Colusa, Williams, Pierce, Maxwell, and Princeton are currently in session with a distance learning model, but school officials said there have been many challenges, including limited or unreliable internet connectivity, making educating students difficult.
As schools work to provide hotspots, students are forced to find the internet wherever they can if they have no connection at home. Students in Princeton, for example, utilized outdoor tables and parking lots at the school to make a connection. Students also started school, sitting at the tables in the park, in order to connect to the Library’s wi-fi. In Williams, high school students sat in cars in the Starbucks parking lot to find access.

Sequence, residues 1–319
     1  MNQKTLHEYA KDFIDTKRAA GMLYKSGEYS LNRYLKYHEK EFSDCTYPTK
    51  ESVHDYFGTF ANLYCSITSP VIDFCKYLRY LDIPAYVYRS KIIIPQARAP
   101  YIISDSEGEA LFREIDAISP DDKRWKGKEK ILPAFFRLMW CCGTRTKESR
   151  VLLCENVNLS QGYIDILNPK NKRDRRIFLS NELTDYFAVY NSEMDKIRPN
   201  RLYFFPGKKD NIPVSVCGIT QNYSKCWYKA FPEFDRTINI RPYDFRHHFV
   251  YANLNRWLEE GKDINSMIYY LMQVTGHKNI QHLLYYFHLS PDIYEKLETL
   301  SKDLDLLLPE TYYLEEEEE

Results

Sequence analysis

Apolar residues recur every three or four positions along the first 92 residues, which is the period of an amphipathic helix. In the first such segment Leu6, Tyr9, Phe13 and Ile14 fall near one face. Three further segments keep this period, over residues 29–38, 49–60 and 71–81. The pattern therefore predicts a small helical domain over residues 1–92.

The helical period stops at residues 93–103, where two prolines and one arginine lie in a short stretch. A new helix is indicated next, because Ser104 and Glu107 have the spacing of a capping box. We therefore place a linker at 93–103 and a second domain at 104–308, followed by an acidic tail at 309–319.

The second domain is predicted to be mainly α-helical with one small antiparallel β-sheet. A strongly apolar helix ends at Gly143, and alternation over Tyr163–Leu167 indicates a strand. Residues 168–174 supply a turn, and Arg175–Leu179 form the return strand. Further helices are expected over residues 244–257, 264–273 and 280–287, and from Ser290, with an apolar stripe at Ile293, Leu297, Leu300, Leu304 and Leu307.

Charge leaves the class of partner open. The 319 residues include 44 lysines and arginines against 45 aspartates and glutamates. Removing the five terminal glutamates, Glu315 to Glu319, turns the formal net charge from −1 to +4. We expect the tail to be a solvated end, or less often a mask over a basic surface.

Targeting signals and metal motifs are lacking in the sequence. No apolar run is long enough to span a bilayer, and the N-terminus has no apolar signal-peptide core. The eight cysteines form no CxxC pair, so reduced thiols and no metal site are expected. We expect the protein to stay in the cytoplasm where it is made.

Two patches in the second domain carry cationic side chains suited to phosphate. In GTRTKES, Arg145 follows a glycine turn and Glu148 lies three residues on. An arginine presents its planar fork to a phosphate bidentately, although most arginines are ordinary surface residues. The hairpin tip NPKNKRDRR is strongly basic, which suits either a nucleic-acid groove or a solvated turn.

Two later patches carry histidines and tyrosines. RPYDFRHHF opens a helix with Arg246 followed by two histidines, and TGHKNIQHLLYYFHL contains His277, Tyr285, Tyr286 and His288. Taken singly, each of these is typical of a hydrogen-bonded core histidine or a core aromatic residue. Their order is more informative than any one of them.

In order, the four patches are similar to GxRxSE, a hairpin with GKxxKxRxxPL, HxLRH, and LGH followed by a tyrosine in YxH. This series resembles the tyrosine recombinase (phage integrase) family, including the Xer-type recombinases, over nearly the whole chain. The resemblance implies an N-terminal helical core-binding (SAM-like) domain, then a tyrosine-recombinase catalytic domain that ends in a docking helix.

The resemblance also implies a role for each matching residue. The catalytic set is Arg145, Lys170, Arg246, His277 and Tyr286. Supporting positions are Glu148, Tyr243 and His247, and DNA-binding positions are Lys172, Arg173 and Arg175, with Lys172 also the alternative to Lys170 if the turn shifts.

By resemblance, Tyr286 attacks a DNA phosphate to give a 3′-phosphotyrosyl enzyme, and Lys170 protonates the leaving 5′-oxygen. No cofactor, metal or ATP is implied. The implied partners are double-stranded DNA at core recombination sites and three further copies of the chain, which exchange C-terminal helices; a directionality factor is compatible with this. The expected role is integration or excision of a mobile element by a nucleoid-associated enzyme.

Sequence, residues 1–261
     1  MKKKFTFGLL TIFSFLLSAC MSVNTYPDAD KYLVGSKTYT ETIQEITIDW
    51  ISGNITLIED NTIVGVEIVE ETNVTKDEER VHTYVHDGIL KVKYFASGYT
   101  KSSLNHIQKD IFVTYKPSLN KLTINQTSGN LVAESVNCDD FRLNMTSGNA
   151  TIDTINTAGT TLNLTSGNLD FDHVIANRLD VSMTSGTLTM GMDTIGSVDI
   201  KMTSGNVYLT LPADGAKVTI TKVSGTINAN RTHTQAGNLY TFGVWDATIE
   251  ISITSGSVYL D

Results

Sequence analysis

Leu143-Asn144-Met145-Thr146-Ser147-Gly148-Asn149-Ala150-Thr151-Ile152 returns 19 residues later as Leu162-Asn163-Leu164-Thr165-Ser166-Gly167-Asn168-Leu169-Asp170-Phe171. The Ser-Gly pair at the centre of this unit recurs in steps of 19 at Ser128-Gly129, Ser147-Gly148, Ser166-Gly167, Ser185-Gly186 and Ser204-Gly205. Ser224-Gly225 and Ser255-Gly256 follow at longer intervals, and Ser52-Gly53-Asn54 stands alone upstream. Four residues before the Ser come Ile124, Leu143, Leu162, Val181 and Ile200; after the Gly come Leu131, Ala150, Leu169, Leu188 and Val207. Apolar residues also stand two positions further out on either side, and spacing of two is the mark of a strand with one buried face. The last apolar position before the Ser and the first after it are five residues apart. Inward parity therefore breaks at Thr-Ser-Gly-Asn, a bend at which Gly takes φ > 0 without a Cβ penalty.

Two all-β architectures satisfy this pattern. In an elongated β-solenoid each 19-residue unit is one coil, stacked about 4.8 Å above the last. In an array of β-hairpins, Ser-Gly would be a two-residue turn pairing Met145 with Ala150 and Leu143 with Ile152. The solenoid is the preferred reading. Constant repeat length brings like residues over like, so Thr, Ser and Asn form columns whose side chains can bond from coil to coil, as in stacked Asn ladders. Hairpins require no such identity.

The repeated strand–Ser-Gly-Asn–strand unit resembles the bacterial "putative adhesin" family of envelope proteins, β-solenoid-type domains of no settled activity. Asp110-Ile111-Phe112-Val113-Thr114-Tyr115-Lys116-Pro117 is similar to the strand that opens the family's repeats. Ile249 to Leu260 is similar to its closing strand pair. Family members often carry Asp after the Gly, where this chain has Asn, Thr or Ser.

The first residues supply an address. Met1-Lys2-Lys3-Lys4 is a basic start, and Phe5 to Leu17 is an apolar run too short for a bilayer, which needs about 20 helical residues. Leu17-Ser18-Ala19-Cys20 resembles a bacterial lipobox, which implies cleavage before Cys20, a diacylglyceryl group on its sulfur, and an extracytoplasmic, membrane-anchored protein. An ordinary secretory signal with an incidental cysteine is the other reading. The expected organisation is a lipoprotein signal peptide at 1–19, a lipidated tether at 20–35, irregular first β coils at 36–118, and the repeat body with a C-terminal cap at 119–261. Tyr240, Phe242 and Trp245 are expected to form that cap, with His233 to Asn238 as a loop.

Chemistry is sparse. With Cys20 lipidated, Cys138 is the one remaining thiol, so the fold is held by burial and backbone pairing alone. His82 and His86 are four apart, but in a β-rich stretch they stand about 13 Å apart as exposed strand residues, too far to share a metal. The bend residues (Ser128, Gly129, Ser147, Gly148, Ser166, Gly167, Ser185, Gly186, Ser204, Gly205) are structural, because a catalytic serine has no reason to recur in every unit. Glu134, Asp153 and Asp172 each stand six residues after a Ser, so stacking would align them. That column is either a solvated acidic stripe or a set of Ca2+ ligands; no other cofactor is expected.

While schools work to overcome a shortage of hotspots over the next week, county officials said that in addition to technology issues, many students, including the children of the county’s farm workers, lack the necessary support they need to thrive in an online learning environment.
“As we continue on the monitoring list, our school children are being deprived of the full benefits of their education,” the letter states.
While the state ended its “watchlist” on Monday, and rolled out a new tiered approach to measuring coronavirus activity in counties, schools that have surveyed parents said the majority want their kids in school, and districts hope to be granted waivers to resume at least K-6 as soon as possible.